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Heat, lightning in the air as economic development dollars shift

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Two $10 million dollar line items were at issue in today’s meeting of Transportation & Economic Development budget conference panel, the third this weekend as lawmakers from both chambers of the Legislature sit down to hash out their considerable budget differences.

The controversial public-private “All Aboard Florida” rail plan favored by Gov. Rick Scott made progress in securing full funding, as $10 million was agreed to for a “Quiet Zone Improvements Grant Program” that would help mitigate noise along the proposed tracks that would bolster passenger rail in South Florida.

The Senate adopted the House position on the grants, bringing this year’s total spending for rail development and related grants to $191.4 million.

But not every item was so agreeable.

The House in its initial offer — which the Senate responded to in Sunday’s sole meeting of the panel — budgeted another $10 million for Space Florida, a program designed to induce businesses to set up shop near Cape Canaveral and the Space Coast, which as panel co-chair Rep. Clay Ingram noted, was adversely effected by the recent loss of federal money for the NASA shuttle program.

“$10 million is what ya call real money,” said Latvala on Sunday, objecting to the addition of such a large expenditure so late in the process.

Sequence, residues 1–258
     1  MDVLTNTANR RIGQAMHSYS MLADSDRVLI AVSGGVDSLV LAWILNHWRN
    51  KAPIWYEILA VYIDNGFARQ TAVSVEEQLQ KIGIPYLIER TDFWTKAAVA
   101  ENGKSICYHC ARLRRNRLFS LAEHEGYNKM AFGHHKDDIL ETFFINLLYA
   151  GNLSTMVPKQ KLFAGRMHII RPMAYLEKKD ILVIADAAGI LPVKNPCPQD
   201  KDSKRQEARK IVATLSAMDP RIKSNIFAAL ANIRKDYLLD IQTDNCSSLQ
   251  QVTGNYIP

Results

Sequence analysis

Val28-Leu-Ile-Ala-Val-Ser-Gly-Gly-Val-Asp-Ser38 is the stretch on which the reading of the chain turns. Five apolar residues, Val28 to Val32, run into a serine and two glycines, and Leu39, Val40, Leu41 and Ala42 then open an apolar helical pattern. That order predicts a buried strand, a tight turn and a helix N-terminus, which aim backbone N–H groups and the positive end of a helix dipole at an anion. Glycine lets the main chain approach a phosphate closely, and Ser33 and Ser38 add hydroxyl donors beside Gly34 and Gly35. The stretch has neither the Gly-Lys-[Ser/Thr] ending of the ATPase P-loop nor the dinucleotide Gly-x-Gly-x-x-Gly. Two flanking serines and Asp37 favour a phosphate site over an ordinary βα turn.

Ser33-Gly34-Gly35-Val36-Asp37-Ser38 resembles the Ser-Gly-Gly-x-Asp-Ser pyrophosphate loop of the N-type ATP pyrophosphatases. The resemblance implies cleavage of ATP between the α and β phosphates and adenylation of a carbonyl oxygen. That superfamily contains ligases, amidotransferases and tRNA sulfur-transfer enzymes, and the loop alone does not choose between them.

“I don’t think the Senate will be comfortable agreeing to that particular item until we get some more information,” Latvala told Ingram.

An area of concern for two panel Democrats was the “cultural facilities” program, administered through grants to local governments and entities.

Rep. David Richardson expressed dismay at its current $5 million level of funding, far below last year’s appropriation which goes to a list of projects scored and ranked by the Department of State.

Latvala explained that last year’s total was the result of a post-budget “bump” move by presiding officers, who had money left over after finalizing their priorities — “sprinkles from heaven,” he later called it — and suggested that “lightning could strike again” on the grants issue.

“I just want some lightning to strike on this side of the table,” responded Miami-Dade’s Richardson, desirous of cultural dollars for South Florida.

Latvala’s Zeus-like response:

“I think that can be arranged.”

Ryan Ray writes about campaigns and public policy in Tampa Bay and across the state. A contributor to and before that, The Florida Squeeze, he covers the Legislature as a member of the Florida Capitol Press Corps and has worked as a staffer on several campaigns. He can be reached at

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